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My problem with Marvel movies

I like movies. I guess I love movies. But I've always tried to put movies in proper context with everything else around me.

I was there for the first showing of Star Wars in 1977. I liked it so much, I called into work sick and stayed for the second showing of the film. I've seen every Star Wars film, if not for the first showing, at least on the first weekend.

My problem with Marvel movies

But I'm not one of those people who thinks Star Wars -- any episode of it -- was The Greatest Movie of All Time.

Marvel fans are a different sort of people. It has taken me awhile to develop this theory, but the recent opening of the movie Deadpool has crystallized it.

You see, the attitude of true Marvel fans toward the movies made about Marvel characters is always the same. And this goes all the way back to the Howard the Duck film (produced by George Lucas!) and continues through the various Spider-Man films, Hulk films, X-Men films, Avengers films, Iron Man films and Fantastic Four films. Like the archaeolgical periods of mankind, there are Ages of Marvel Fans when it comes to Marvel movies:

The Paleolithic Age

Six months before a Marvel movie comes out, there begins a rumble, which turns into a roar. Marvel fans gather their voices to express their pleasure that a certain movie about a Marvel character is about to be released. They're excited. They're enthused. Their imaginations explode with the possibility that the movie will retell their favorite story line -- and it will be retold exactly, without wavering from that story line.

The fever grows. As the release date gets closer, they become convinced that it's all true. They can see the movie as it plays out in their heads. It will be exactly as they imagine it. They proclaim for the entire world to hear: It Will Be the Greatest Movie of All Time.

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The Bronze Age

The movie is released. It's not what they imagined, but it is good enough just to have Marvel characters on the big screen. They have convinced all their friends to come with them, even the non-Marvel fans, and the movie itself has a giant first weekend at the box office.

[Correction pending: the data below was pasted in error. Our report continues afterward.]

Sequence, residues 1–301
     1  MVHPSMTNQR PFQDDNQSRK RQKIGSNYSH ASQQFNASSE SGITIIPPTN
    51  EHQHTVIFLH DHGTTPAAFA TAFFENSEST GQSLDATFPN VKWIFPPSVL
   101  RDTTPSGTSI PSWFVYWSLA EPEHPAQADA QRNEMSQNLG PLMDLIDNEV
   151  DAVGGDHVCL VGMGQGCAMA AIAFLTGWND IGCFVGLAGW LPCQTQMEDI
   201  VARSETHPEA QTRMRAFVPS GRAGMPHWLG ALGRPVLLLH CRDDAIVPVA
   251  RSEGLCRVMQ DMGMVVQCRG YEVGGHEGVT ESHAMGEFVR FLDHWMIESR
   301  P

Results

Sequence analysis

Big numbers at the box office must mean their initial observation was correct: It is The Greatest Movie of All Time.

Marvel fans try not to notice that the critical reviews of the film are not that great. No critic joins in on their assertion that it is The Greatest Movie of All Time. Some critics may like some small facets of the film, but tend to give it a mediocre or even bad score.

(For those of you who disagree with this assertion, tell me something. Tell me how many Academy Awards has been won by any Marvel film. Like it or not, that's the gold standard. Heck, even Rocky won for Best Picture.)

But that doesn't matter to the Marvel fan. He or she sees the film a couple of times more, drinking in the fact that those are Marvel characters up there on the screen. They don't notice that they are increasingly alone in the theater.

My problem with Marvel movies

The Iron Age

The movie comes out on video. Since they preordered it weeks earlier, it arrives on their doorstep on Day One. They open it and pop it in the machine to watch all the extras.

They don't pay that much attention to the movie itself because they've already seen it three or four times, so there's no longer much urgency. When they invite their friends to come watch, their friends come up with excuses why they can't make it.

When they eventually rewatch the movie, they pay attention to the small things. One thing the Marvel fan pays extra attention to is that scene at the end of the credits -- the scene where they give hints about the next film coming up.

Then it hits the Marvel fan. That next film in the series, why that's liable to be The Greatest Movie of All Time.

The Modern Period

It's six months after the release of the movie. The movie that the Marvel fan loved so much is now the butt of jokes by that comedians. Sometimes the name of the movie is all that's needed to be the punch line of a derisive joke.

The Marvel fan has distanced himself or herself from the film. When asked about it, the Marvel fan admits that there were things he or she didn't like about it. The Marvel fan complains that the movie should have had this scene or that scene -- and they should have never killed that character. It ruins the continuity.

But, they'll always say, just wait until the next movie. That movie will be The Greatest Movie of All Time.

And the cycle repeats itself.

-- André Hinds ("Evermore") is the audio producer of the ElectricSistaHood podcast and writes weekly about comic books

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Born at a very young age with no foreknowledge of the event.